Smart Infrastructure Analysis
In the fall of 2019, Smart Communities Maine distributed a survey to Maine municipalities to better understand communities' smart infrastructure—the integration of digital information technologies within the physical, built environment to optimize citizen experience, sustainability, and public system performance. Our hope is that the results of this survey will help to craft a multi-organizational strategy and roadmap that will inform smart infrastructure investments, public policy, and economic development partnerships.
The Smart Communities Maine survey asked questions in five different categories of Smart Infrastructure: Energy & Electricity, Water & Waste, Mobility & Transportation, Health & Safety, and Information & Communications Technology. Representatives from 15 municipalities around the state participated in the survey. The map below highlights which elements of smart infrastructure were present in each community that responded to the survey.
“Energy & Electricity” includes smart street lighting, smart electricity meters and thermostats, microgrids, and smart grids. This category had the second-highest number of Smart Infrastructure elements across all respondents, with ten individual municipalities indicating the presence of elements in this category. 60% of those ten municipalities utilize LED street lighting, and most have LEDs in more than 75% of their lights. Smart electricity meters and smart thermostats in public facilities were present in four and five municipalities, respectively. Lewiston and Rangeley both indicated the use of a microgrid.
The “Health & Safety” category includes water and air quality sensors, crime mapping, and smart surveillance. This section had the smallest representation across municipalities, with only one city—Lewiston—indicating the presence of related Smart Infrastructure elements. Lewiston utilizes crime mapping as well as water quality sensors in Lake Auburn, its drinking water source.
The “Water & Waste” category of Smart Infrastructure—which includes smart trash cans, smart water and sewage meters, and water level sensors—had relatively low frequency, with only three out of 12 cities that responded to the section indicating the presence of specific elements. Each of those cities maintains unique elements, including smart trash containers in Portland, water level sensors in Hallowell, and smart water and sewage meters in Lewiston.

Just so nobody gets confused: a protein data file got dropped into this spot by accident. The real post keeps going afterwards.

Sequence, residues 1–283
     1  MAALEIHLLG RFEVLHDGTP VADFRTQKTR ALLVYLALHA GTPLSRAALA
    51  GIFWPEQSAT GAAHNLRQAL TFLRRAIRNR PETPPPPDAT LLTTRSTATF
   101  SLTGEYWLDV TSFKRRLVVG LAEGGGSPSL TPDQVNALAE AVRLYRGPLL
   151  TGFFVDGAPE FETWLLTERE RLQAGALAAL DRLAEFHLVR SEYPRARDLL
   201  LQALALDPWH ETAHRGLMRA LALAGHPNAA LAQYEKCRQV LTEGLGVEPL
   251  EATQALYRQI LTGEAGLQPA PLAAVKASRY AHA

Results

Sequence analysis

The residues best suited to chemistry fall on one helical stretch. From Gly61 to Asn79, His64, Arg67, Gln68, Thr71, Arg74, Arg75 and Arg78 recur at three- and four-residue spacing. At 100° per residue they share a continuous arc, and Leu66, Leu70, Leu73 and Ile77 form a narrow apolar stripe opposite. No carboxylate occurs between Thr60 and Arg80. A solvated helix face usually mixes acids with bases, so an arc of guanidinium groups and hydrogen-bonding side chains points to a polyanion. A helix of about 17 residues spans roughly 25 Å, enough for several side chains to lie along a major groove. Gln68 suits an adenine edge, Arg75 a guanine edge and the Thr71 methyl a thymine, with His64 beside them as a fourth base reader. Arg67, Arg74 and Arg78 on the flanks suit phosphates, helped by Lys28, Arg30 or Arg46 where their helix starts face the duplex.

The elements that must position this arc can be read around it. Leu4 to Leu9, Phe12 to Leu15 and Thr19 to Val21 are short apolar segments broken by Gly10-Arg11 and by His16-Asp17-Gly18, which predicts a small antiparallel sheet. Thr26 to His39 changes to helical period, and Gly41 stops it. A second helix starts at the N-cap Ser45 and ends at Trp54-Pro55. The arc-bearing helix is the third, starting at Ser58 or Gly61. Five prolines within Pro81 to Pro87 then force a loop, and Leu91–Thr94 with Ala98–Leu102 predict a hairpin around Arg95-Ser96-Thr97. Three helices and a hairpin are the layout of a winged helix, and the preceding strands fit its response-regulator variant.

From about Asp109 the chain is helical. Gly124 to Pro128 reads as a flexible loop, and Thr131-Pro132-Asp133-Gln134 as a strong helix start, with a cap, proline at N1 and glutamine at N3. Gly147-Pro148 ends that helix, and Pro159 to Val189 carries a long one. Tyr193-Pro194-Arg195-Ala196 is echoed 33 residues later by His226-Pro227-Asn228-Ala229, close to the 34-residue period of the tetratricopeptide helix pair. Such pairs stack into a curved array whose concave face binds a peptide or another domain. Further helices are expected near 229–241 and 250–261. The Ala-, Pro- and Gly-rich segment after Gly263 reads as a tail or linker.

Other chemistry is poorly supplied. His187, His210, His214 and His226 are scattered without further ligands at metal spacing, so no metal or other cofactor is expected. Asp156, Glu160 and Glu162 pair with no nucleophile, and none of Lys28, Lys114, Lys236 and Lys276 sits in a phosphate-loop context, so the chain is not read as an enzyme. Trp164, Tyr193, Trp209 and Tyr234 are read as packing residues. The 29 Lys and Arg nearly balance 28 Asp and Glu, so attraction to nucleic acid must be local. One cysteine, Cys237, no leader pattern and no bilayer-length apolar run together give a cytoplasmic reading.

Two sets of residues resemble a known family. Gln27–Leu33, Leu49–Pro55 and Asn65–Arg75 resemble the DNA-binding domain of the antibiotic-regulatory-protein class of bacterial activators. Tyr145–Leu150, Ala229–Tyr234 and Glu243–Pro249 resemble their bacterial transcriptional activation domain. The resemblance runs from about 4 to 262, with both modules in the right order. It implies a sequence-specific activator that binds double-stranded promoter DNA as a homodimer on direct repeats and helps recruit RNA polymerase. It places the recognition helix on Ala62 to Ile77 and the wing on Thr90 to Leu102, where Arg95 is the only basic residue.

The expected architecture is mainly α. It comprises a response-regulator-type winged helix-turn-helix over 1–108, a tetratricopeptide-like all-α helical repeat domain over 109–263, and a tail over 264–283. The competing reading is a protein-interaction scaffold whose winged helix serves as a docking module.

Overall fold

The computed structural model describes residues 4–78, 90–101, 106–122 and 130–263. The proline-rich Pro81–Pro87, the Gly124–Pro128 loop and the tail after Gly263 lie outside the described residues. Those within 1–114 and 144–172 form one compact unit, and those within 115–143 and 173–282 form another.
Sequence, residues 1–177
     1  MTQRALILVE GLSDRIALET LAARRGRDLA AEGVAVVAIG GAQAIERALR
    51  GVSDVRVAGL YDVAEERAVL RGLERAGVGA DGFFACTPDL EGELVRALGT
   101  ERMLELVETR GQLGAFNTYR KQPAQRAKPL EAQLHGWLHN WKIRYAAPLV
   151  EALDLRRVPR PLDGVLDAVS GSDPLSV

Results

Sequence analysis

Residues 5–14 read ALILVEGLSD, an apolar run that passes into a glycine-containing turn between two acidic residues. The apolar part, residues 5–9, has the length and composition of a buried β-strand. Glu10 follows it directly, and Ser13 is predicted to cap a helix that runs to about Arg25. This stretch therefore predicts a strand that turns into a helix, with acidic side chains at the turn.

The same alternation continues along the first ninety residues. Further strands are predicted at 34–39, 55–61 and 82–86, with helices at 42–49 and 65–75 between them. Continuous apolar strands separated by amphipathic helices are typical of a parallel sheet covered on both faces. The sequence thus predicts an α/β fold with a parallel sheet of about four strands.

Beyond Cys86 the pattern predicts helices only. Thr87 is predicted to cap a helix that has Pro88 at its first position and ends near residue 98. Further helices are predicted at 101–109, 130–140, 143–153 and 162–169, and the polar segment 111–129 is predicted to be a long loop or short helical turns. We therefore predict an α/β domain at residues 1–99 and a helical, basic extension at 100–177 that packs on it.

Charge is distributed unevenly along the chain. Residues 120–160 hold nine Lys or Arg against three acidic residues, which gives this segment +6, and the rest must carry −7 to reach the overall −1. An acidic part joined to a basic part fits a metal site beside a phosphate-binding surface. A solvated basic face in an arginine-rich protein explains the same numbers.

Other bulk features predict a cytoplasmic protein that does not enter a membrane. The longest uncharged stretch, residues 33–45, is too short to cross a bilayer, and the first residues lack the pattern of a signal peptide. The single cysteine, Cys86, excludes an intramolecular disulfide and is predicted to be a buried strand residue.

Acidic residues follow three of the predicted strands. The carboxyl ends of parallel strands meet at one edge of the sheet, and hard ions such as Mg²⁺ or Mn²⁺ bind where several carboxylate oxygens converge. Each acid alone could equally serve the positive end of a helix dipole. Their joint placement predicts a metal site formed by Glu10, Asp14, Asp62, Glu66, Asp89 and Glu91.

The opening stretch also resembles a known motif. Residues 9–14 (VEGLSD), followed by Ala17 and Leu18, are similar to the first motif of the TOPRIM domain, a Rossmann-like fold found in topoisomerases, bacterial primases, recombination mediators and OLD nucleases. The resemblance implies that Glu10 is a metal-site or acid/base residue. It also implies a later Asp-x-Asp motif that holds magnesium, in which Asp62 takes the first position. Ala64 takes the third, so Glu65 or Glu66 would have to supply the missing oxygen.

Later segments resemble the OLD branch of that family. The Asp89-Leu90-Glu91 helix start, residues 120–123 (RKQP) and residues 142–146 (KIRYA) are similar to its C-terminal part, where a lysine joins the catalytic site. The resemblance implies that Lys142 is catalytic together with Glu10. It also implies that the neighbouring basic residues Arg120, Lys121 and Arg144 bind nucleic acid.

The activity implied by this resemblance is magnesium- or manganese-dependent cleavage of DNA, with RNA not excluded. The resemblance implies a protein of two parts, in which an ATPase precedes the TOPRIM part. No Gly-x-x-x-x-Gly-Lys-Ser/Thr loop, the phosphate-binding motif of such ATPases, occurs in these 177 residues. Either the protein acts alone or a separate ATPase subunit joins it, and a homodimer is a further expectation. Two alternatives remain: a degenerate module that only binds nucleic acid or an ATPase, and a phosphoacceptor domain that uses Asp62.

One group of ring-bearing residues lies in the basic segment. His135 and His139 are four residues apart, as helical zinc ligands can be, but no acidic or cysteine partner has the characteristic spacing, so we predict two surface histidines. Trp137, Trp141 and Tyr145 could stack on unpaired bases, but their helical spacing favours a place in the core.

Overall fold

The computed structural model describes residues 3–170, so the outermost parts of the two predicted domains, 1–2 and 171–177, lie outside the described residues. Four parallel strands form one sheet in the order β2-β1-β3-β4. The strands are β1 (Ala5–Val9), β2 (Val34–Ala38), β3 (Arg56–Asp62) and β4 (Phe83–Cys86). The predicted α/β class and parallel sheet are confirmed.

This section of Smart Infrastructure involves smart parking systems, public transit systems, and traffic signals, as well as transportation infrastructure sensors. Across all respondents, “Mobility & Transportation”-related Smart Infrastructure was indicated in three municipalities. Only one—Lewiston—utilizes smart parking systems. Lewiston also utilizes adaptive, “smart” traffic signals, as does Portland. Portland and Windham both utilize public transit tracking via mobile app, with Portland planning to unveil digital payment systems in the near future. Portland also indicated that it is laying the foundation for autonomous vehicles. Transportation infrastructure sensors are not yet adapted by any municipality that responded.
The “Information & Communications Technology” section refers to free wireless internet, open data portals, digital citizen services, and civic engagement applications. This category of Smart Infrastructure had the most elements across all municipalities that responded to the survey, with 12 cities indicating the presence of some InfoTech element. While no respondents currently use open data portals, 11 of the 12 utilize digital citizen services, and seven have free public WiFi available (largely in parks, libraries, and city/town public buildings).
Across respondents, Portland and Lewiston had the largest number of Smart Infrastructure elements present in their cities overall. Smart Infrastructure elements refer to distinct technologies or systems—for example, smart street lights or public WiFi—that are present in a city. Across all municipalities, there were the largest number of Smart Infrastructure elements represented in the “Information & Communications Technology” and “Energy & Electricity” categories; and the least in “Health & Safety.”
We also asked respondents to rank themselves on a scale of 0 to 100 regarding how they felt their Smart Infrastructure performance—general implementation and utilization—was compared to other Maine municipalities. Only two cities rated themselves better than average, five cities rated themselves at exactly average, and seven cities rated themselves below average. The self-rating seemed to have little correspondence with the actual number of smart infrastructure elements present in a city. For example, the city with the second-highest number of elements also rated itself "below average" on the self-assessment.